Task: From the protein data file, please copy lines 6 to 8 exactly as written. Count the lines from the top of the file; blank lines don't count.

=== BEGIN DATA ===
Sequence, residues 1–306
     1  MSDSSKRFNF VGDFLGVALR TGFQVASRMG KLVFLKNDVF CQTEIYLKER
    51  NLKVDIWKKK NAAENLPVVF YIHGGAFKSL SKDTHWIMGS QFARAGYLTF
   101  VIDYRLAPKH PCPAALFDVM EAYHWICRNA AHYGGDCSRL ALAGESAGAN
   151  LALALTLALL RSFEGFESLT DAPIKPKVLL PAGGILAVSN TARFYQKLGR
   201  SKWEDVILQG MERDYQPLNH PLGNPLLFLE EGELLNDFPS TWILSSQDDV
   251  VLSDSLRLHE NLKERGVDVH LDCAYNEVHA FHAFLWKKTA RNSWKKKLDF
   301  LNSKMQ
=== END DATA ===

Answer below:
   201  SKWEDVILQG MERDYQPLNH PLGNPLLFLE EGELLNDFPS TWILSSQDDV
   251  VLSDSLRLHE NLKERGVDVH LDCAYNEVHA FHAFLWKKTA RNSWKKKLDF
   301  LNSKMQ